Alternatively for the second stage, a device is employed containing an extruder whose Archimedean screw takes up the mixture which has been conveyed to its reservoir. The pitch of the screw thread and the mould at the extruder outlet are designed in such a way that the pressure at the mould inlet is in the region of 100 bars (104 kPa).
At the extruder outlet, the extruded strip, whose section is determined by the shape of the mould, is directed towards a cutter. The cutting frequency of the cutter is selected to obtain blocks of the desired length, taking into account the extrusion speed of the extruded strip. The blocks thus cut are subsequently directed by a conveyor to a packing or a bagging machine.
Instead of wheat flour, a mixture of wheat flour and one or more baking improving agents such as ascorbic acid and food enzymes may be employed in the same process. A composition is thus obtained consisting mainly or entirely of wheat flour and lecithin in the form of compact blocks of pre-determined dosage size, which are much easier to handle, which are more concentrated since their density is greater, and which may be preserved for up to 25 to 50% longer than conventional wheat flour/lecithin powder mixtures.
|Cited Patent||Filing date||Publication date||Applicant||Title|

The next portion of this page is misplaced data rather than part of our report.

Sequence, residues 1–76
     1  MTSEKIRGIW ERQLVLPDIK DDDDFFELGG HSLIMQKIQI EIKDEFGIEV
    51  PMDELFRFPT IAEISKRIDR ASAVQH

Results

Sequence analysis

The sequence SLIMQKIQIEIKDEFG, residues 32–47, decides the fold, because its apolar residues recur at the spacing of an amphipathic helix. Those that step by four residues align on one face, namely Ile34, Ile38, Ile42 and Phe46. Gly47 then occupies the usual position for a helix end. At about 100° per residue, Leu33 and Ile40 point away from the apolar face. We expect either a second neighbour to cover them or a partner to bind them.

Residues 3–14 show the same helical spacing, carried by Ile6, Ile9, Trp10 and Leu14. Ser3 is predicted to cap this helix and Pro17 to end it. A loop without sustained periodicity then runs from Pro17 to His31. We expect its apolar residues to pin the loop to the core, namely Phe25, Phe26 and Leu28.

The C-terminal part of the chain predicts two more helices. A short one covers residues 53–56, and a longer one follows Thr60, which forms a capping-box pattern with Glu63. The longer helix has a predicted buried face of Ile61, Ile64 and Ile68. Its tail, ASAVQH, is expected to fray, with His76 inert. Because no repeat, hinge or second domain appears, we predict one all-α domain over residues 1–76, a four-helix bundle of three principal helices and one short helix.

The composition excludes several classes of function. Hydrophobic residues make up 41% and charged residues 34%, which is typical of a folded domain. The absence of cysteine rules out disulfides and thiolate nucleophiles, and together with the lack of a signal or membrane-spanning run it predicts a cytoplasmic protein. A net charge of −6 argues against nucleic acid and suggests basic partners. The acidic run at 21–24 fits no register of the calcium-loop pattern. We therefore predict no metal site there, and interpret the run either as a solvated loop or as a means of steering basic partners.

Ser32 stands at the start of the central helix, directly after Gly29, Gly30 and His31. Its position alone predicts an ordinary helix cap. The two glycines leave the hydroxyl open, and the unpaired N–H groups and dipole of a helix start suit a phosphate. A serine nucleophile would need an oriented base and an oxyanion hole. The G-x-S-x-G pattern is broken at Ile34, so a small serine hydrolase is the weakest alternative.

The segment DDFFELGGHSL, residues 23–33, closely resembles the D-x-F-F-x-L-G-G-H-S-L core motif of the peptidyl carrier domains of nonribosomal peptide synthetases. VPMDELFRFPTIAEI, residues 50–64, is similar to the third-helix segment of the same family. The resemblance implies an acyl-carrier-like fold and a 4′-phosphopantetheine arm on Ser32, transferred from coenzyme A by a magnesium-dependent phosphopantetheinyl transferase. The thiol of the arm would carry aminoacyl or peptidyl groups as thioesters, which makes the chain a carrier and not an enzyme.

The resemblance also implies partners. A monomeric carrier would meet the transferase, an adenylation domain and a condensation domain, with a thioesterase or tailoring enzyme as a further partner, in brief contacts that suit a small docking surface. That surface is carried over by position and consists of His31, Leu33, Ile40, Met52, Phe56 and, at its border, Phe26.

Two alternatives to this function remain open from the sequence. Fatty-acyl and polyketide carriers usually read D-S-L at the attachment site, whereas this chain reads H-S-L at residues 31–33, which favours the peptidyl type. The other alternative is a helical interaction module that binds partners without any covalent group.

|US1776721 *||May 21, 1929||Sep 23, 1930||Hermann Bollmann||Method of producing uniform pulverulent mixtures|
|US3615645 *||Jul 31, 1968||Oct 26, 1971||John H Forkner||Method of making food product containing gel particles|
|US3753732 *||Apr 19, 1971||Aug 21, 1973||Merck & Co Inc||Rapidly disintegrating bakery enrichment wafer|
|US4624856 *||Mar 15, 1985||Nov 25, 1986||Nabisco Brands, Inc.||Method and composition for soft edible baked products having improved extended shelf-life and an edible firm gel for use therein|
|US4748027 *||Feb 27, 1985||May 31, 1988||Nexus Aps||Powder product and a method for its preparation|
|US4762658 *||Oct 8, 1986||Aug 9, 1988||Central Soya Company, Inc.||Method of tableting of de-oiled phosphatides (lecithin)|
|US4990343 *||Apr 21, 1989||Feb 5, 1991||Cultor Ltd.||Enzyme product and method of improving the properties of dough and the quality of bread|